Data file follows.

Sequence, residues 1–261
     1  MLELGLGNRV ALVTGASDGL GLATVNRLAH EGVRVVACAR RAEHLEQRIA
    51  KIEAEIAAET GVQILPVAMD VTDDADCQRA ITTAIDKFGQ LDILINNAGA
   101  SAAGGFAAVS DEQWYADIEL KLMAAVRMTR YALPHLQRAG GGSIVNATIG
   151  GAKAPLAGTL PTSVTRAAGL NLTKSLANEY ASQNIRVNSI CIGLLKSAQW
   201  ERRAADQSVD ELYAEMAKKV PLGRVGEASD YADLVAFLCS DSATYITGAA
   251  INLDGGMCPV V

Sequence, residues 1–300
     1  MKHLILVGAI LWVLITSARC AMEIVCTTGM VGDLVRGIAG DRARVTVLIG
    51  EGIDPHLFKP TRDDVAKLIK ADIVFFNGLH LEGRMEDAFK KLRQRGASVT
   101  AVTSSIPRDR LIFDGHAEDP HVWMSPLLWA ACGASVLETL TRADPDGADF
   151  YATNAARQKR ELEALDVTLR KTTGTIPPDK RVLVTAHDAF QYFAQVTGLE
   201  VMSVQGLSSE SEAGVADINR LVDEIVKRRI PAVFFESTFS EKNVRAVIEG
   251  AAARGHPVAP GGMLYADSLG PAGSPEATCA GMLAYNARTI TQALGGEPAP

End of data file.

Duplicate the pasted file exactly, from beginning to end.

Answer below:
Sequence, residues 1–261
     1  MLELGLGNRV ALVTGASDGL GLATVNRLAH EGVRVVACAR RAEHLEQRIA
    51  KIEAEIAAET GVQILPVAMD VTDDADCQRA ITTAIDKFGQ LDILINNAGA
   101  SAAGGFAAVS DEQWYADIEL KLMAAVRMTR YALPHLQRAG GGSIVNATIG
   151  GAKAPLAGTL PTSVTRAAGL NLTKSLANEY ASQNIRVNSI CIGLLKSAQW
   201  ERRAADQSVD ELYAEMAKKV PLGRVGEASD YADLVAFLCS DSATYITGAA
   251  INLDGGMCPV V

Sequence, residues 1–300
     1  MKHLILVGAI LWVLITSARC AMEIVCTTGM VGDLVRGIAG DRARVTVLIG
    51  EGIDPHLFKP TRDDVAKLIK ADIVFFNGLH LEGRMEDAFK KLRQRGASVT
   101  AVTSSIPRDR LIFDGHAEDP HVWMSPLLWA ACGASVLETL TRADPDGADF
   151  YATNAARQKR ELEALDVTLR KTTGTIPPDK RVLVTAHDAF QYFAQVTGLE
   201  VMSVQGLSSE SEAGVADINR LVDEIVKRRI PAVFFESTFS EKNVRAVIEG
   251  AAARGHPVAP GGMLYADSLG PAGSPEATCA GMLAYNARTI TQALGGEPAP